Employer appealed this order to the full commission. On June 8, 1998, the full commission affirmed the single commissioner with the exception of the single commissioner's above ruling with regard to future earning capacity. The full commission held there is no legal basis for speculation as to the future earning capacity of Sellers. It then calculated Sellers' average weekly wage based on a forty-hour work week, which he most likely would have worked had he not been a full time student. The full commission further found that Sellers was earning $4.35 per hour at the time of his accident and calculated his average weekly wage at $174.00 with a compensation rate of $116.00.
Both parties appealed the full commission's decision to the circuit court. The Honorable Paul Burch reversed the full commission and remanded the case to the full commission. Employer appealed this order to the Supreme Court. That appeal was assigned to this court. By order dated September 24, 1999, this court dismissed the appeal without prejudice so that the matter could go to the full commission as ordered by Judge Burch.
On remand, the full commission reinstated the findings and decision of the single commissioner. Employer appealed to the circuit court. The Honorable Howard King found that he did not have the authority to review the order of Judge Burch and, therefore, affirmed the order of the full commission without prejudice to Employer's right to seek appellate review. This appeal followed.
STANDARD OF REVIEW
In reviewing a decision of the Workers' Compensation Commission, this court will not set aside its findings unless they are not supported by substantial evidence or they are controlled by error of law. See Lark v. Bi-Lo, 276 S.C. 130, 276 S.E.2d 304 (1981); Lyles v. Quantum Chem. Co., 315 S.C. 440, 434 S.E.2d 292 (Ct. App. 1993); S.C. Code Ann. § 1-23-380(A)(6) (Supp. 2001). Substantial evidence is evidence that, in viewing the record as a whole, would allow reasonable minds to reach the same conclusion that the full commission reached. Lark, 276 S.C. at 135, 276 S.E.2d at 306. The possibility of drawing two inconsistent conclusions from the evidence does not prevent the commission's findings from being supported by substantial evidence. Tiller v. National Health Care Ctr., 334 S.C. 333, 513 S.E.2d 843 (1999).
Employer contends that the commission and the circuit court erred in finding Sellers' request for an adjustment of his average weekly wage and compensation rate to reflect his probable future wages was not barred by the doctrines of res judicata and/or collateral estoppel. (1) We disagree.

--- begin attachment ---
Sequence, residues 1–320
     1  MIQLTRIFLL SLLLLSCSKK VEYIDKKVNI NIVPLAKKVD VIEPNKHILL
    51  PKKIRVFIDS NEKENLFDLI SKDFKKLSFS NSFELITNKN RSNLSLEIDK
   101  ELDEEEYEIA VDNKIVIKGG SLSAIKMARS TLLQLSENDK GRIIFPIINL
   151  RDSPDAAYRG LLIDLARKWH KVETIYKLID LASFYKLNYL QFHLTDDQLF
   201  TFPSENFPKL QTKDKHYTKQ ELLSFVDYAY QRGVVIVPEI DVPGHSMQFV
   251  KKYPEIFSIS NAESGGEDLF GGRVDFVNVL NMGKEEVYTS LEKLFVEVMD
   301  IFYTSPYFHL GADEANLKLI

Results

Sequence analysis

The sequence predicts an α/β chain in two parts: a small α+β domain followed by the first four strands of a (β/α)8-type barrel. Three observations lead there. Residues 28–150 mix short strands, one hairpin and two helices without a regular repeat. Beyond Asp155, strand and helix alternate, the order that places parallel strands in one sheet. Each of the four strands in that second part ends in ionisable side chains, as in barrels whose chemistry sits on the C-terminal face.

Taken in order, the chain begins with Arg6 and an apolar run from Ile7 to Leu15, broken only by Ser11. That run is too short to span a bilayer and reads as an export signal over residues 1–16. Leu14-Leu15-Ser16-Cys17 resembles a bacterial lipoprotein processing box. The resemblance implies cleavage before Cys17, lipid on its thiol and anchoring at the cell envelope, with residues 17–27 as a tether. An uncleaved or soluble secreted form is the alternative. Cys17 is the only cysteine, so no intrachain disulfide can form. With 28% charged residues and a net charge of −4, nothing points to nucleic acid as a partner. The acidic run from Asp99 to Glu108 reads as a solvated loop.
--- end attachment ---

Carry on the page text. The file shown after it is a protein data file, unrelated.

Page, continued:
South Carolina Code Annotated § 42-17-10 (1985) provides in pertinent part:
All such agreements shall be subject to adjustment and correction as to the compensable rate if subsequent to filing with the Commission it is determined that such rate does not reflect the correct average weekly wage of the claimant. If approved by the Commission, the memorandum shall for all purposes be enforceable by a court's decree as specified in this title.
The commission promulgated a regulation preserving the right of either the claimant or the employer to seek an adjustment of a temporary total compensation rate. This regulation, in effect at the time of Sellers' injury, provided:
A. The temporary total compensation rate recorded on a Form 15 or temporary partial compensation rate on a Form 16 entered into consent is subject to adjustment and correction.
B. If it is determined that the compensation rate does not reflect the claimant's correct average weekly wage, the employer's representative may prepare an amended form reflecting the correct compensation rate. . . .
C. If the employer's representative does not agree as in section B above, the claimant may request a hearing. . . .
S.C. Code Ann. Regs. 67-508 (1990) (repealed 21 S.C. Reg. No. 6, pt. 2, eff. June 27, 1997).
Regulation 67-508 clearly authorizes an adjustment in Sellers' temporary total compensation rate as set forth in the Form 15. The commission found Sellers' average weekly wage and temporary total compensation rate have not been previously adjudicated in this claim. Although a hearing was scheduled on this issue to be heard before the single commissioner on August 2, 1993, the hearing was continued. The parties then resolved the issue and Sellers signed another Form 15. The only issue before the single commissioner at the reconvened hearing was that of the renovations to Sellers' home. We agree with the Commission that Sellers' average weekly wage and temporary total compensation rate have never been adjudicated. Accordingly, we find the doctrines of res judicata and collateral estoppel do not bar an adjustment.
Employer argues there is no statutory authority for the Commission to adjust Sellers' wages to provide for progressively higher wages based upon probable future earnings. It asserts the average weekly wage must be based upon prior earnings. We disagree.